Radio New Zealand, 29 March 2016
The Pacific Community says it is still not clear whether the potential economic benefits of sea bed mining will outweigh the negative effects on the environment and on local livelihoods.
The comments come after the SPC’s proposed legal and regulatory framework on sea bed mining was accused of neglecting indigenous and environmental safeguards.
Koroi Hawkins looks at some of the pros and cons of the industry.
According to the company involved, in 2018 Papua New Guinea’s Bismarck Sea is set to host the first ever commercial deep water mine operation.
The director of the Pacific Community’s [SPC’s] geoscience division, Mike Petersen, says Nautilus Minerals’ Solwara 1 project will set the tone for the future of the industry.
MIKE PETERSEN: They will be the pilot everyone will be looking at them not only the people we are talking about here, you’ll have the NGO’s who may not wish this development to happen but also industry will be looking at it, government will be looking at it, environmentalists will be looking at it the fishing industry and others will be looking at it so it is under a lot of scrutiny actually.
But an outspoken PNG opposition MP, Gary Juffa, who is the governor of Oro province, says the Solwara 1 project is being steam-rolled by the government without any consideration for relevant regulations or legislation.
GARY JUFFA: There is no legislation that would allow the government or the communities to have avenues by which they can review, monitor and take action if necessary or penalise etc, nothing at all. You know, here we are embarking on this project completely blind.
One regional NGO strongly opposed to the Solwara 1 project is the Pacific Network on Globalisation.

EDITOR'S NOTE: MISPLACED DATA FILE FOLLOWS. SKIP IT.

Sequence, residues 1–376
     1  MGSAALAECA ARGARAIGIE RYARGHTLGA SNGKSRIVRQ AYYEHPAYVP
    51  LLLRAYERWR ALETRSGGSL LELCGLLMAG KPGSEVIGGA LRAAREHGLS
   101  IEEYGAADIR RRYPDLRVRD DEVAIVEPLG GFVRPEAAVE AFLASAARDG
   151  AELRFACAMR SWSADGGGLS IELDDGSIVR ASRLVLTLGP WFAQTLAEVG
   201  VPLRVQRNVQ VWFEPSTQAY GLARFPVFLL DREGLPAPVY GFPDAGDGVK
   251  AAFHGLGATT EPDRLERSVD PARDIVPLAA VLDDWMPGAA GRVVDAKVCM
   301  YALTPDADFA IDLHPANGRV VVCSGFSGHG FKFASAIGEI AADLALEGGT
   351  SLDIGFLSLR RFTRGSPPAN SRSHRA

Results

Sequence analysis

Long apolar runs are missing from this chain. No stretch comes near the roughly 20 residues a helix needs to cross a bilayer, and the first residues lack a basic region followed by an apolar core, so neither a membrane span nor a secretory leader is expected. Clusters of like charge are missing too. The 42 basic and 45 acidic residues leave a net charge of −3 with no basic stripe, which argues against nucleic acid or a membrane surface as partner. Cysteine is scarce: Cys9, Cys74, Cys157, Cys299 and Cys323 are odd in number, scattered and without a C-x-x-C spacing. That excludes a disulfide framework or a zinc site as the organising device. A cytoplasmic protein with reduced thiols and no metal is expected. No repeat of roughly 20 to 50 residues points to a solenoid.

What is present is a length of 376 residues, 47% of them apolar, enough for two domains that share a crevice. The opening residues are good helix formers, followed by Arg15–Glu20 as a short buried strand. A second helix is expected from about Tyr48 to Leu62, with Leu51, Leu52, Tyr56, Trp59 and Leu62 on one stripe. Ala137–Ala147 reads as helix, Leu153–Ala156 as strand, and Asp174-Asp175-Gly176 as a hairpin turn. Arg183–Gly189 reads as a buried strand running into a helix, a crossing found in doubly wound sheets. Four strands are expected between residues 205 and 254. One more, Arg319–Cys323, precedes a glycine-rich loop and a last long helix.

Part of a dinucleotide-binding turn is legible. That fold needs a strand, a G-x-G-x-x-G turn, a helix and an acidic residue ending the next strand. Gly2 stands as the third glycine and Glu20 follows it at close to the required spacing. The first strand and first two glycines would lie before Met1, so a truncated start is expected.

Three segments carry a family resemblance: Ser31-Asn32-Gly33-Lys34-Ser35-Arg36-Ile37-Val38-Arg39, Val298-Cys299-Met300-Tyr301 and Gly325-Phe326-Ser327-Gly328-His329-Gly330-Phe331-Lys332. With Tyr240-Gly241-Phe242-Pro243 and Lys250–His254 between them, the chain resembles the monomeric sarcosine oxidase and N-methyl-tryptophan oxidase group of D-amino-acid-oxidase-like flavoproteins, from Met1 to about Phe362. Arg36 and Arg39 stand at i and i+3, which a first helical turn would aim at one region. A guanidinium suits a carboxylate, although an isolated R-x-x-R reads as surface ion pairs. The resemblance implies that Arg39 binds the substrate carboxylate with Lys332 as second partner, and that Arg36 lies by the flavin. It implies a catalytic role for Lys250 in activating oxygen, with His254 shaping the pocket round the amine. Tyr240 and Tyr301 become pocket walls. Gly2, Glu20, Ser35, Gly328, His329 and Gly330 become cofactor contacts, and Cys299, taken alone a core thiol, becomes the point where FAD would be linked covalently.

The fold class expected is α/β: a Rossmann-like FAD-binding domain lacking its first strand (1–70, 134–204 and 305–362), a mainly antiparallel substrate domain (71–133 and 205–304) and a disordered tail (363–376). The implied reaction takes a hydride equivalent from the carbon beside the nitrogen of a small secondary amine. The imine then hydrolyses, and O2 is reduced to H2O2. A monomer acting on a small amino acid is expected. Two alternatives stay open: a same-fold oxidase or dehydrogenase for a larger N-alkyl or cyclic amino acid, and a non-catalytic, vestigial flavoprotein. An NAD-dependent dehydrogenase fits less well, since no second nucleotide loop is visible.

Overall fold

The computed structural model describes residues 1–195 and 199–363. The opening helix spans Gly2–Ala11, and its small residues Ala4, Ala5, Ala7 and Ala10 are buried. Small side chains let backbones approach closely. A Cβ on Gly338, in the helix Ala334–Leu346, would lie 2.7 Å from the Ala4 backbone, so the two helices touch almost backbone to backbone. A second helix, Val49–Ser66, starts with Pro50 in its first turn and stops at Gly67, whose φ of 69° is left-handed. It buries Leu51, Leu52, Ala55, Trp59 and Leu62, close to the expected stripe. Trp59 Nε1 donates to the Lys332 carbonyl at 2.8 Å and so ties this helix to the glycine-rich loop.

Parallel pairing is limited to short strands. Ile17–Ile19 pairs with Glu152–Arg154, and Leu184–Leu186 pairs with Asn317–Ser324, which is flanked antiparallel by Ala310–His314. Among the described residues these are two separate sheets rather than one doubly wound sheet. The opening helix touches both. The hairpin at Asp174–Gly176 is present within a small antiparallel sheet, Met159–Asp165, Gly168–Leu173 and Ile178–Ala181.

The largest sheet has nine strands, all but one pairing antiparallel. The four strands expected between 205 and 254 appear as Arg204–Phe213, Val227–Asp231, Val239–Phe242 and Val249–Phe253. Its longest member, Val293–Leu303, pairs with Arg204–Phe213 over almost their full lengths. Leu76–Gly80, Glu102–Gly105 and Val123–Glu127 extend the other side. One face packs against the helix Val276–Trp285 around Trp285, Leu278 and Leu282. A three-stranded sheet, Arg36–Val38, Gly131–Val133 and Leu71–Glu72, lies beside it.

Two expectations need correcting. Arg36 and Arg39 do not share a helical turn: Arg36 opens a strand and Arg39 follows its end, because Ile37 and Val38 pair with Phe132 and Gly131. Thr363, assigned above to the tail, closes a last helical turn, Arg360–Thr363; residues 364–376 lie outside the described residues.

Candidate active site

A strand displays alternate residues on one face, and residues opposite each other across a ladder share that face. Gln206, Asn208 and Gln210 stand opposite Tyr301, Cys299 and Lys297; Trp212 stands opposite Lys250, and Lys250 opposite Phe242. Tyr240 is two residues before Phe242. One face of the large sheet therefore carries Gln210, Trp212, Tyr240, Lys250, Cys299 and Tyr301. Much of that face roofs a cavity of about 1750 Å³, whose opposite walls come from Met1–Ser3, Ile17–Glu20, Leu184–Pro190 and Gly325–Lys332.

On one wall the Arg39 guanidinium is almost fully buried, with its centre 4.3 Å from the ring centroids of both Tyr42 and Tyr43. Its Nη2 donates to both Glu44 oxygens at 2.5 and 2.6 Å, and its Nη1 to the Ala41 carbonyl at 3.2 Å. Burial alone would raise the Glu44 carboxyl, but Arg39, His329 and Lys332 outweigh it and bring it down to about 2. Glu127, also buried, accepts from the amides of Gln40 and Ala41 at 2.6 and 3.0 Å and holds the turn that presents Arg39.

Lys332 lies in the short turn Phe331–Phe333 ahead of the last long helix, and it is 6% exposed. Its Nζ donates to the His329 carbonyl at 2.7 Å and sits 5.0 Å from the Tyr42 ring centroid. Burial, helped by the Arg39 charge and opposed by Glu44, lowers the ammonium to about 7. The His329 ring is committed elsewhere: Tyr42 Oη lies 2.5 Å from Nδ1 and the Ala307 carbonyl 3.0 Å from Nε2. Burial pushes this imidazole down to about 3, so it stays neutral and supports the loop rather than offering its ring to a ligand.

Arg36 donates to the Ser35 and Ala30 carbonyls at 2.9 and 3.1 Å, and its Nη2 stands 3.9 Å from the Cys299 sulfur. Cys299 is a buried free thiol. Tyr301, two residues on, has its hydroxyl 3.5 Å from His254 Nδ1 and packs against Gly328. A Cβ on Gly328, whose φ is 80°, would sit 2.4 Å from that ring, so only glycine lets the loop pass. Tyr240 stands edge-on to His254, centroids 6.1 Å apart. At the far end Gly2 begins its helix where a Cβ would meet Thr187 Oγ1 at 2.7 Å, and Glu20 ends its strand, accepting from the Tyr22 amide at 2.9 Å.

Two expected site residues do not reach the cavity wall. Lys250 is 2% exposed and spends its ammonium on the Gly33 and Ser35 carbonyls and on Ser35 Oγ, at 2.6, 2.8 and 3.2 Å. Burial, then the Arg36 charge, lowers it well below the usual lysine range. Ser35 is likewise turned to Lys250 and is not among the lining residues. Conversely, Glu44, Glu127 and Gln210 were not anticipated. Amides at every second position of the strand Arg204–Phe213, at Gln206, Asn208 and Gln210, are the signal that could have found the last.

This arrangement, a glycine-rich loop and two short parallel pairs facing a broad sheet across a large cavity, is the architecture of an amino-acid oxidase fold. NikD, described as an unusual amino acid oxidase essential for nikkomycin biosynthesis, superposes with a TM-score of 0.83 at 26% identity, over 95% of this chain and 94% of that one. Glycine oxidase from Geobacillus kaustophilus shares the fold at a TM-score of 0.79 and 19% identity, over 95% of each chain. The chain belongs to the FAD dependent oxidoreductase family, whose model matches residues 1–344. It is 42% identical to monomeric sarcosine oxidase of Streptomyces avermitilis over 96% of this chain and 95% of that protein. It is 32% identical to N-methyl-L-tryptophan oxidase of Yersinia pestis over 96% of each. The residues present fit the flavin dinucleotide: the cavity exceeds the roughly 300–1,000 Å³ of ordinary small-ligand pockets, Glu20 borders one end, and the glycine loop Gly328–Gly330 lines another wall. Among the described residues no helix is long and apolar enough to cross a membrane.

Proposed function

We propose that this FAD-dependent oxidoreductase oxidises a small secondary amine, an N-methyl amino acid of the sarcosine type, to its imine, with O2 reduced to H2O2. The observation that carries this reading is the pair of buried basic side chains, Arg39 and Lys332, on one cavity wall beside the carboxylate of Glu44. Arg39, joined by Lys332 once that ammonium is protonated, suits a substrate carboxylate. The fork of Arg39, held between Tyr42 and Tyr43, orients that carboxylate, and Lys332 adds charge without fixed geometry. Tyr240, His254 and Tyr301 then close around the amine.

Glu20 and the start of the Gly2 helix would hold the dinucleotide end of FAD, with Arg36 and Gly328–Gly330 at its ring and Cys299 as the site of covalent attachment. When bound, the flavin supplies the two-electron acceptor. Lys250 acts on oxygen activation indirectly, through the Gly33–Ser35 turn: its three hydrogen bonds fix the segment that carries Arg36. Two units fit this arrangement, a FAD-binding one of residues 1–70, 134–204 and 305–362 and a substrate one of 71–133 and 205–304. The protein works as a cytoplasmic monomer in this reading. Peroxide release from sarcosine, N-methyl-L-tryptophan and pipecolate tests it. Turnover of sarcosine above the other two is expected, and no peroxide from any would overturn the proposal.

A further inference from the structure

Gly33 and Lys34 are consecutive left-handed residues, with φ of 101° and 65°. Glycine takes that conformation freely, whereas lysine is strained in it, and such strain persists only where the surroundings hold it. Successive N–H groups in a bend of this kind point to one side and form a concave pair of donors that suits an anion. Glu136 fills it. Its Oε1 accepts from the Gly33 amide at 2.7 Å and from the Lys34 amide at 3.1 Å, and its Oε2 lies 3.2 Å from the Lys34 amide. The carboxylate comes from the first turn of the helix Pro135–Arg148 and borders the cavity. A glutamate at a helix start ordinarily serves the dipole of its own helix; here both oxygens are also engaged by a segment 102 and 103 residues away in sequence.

Its coordinator, Maureen Penjueli, says there are too many unknowns and seabed mining legislation in Pacific countries is either non-existent or insufficient.
MAUREEN PENJUELI: If you look at advanced jurisdictions like New Zealand and Australia it is very clear that when they apply the law in relation to sea bed mining it sets out very precisely. What it means for for indigenous peoples what is means for environmental protection etc. So we believe very strongly that at this particular point in time in history the Pacific is not their yet to pursue seabed mining.
Mike Petersen says as a regional scientific body the SPC is neither pro- nor anti-seabed mining.
But he says as to the viability of the industry studies indicate seabed mining could be a profitable undertaking for Pacific countries and he suggests it has a comparable industry in the offshore oil sector.
MIKE PETERSEN: In the 1970s underwater petroleum extraction was considered to be science fiction and something which humans would never make money from or maybe could never achieve. If petroleum the petroleum industry can succeed then why not the mineral industry given technological advances, advances in robotics and so on and so forth.
PNG’s Gary Juffa however says in the blind push to get the project up and running the views of local indigenous peoples have been ignored.
GARRY JUFFA: Are we to just sit back and despair and moan and groan and whine and there is the government no longer serving its people but serving corporate pirates. Is this the situation now that we must accept?. These are questions that people are asking, you know, the people of the Pacific.
Other countries in the region interested in seabed mining are Tonga and the Cook Islands with the latter currently in direct talks with several companies after an open tender last year failed to get any bids.